Hypercube from the Skotiniotis paper:



[1] Robert W. Spekkens, Phys. Rev. A 75, 032110 (2007),

Evidence for the epistemic view of quantum states: A toy theory

Perimeter Institute for Theoretical Physics, 31 Caroline Street North, Waterloo, Ontario, Canada N2L 2Y5 (Received 11 October 2005; revised 2 November 2006; published 19 March 2007.)

"There is such a thing
as a tesseract."
A Wrinkle in Time  

Monday, May 28, 2007

Monday May 28, 2007

Filed under: General,Geometry — Tags: — m759 @ 5:00 PM
and a Finite Model

Notes by Steven H. Cullinane
May 28, 2007

Part I: A Model of Space-Time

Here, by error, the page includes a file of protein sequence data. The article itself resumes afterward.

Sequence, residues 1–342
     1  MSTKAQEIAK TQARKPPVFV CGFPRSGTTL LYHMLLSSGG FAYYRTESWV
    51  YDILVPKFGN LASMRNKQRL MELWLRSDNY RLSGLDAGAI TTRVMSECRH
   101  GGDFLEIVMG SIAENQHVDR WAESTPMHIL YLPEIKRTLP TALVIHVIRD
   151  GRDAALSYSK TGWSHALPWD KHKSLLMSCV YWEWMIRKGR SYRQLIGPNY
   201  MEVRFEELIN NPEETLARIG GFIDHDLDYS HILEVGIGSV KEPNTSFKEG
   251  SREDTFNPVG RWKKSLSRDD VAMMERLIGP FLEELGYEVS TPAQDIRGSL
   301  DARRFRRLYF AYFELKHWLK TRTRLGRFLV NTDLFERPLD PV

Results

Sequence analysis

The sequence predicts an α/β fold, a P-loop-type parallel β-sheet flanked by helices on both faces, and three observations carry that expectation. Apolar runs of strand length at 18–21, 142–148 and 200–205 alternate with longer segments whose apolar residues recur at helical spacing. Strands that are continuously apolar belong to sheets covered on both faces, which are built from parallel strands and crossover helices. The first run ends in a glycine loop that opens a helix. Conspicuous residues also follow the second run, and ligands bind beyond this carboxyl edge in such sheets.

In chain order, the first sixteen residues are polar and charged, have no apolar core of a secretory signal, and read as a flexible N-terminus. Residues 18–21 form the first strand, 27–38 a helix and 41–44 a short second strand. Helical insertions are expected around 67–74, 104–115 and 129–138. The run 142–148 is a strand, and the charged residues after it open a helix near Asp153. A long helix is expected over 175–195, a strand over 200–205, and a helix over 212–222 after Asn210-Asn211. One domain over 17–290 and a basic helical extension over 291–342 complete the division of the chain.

The following paper includes a figure illustrating Penrose's model of  "complexified, compactified Minkowski space-time as the Klein quadric in complex projective 5-space."
The image “http://www.log24.com/log/pix07/070528-Twistor.jpg” cannot be displayed, because it contains errors.
Click on picture to enlarge.

For some background on the Klein quadric and space-time, see Roger Penrose, "On the Origins of Twistor Theory," from Gravitation and Geometry: A Volume in Honor of Ivor Robinson, Bibliopolis, 1987.

Part II: A Corresponding Finite Model

The Klein quadric also occurs in a finite model of projective 5-space.  See a 1910 paper:

G. M. Conwell, The 3-space PG(3,2) and its group, Ann. of Math. 11, 60-76.

Conwell discusses the quadric, and the related Klein correspondence, in detail.  This is noted in a more recent paper by Philippe Cara:

The image “http://www.log24.com/log/pix07/070528-Quadric.jpg” cannot be displayed, because it contains errors.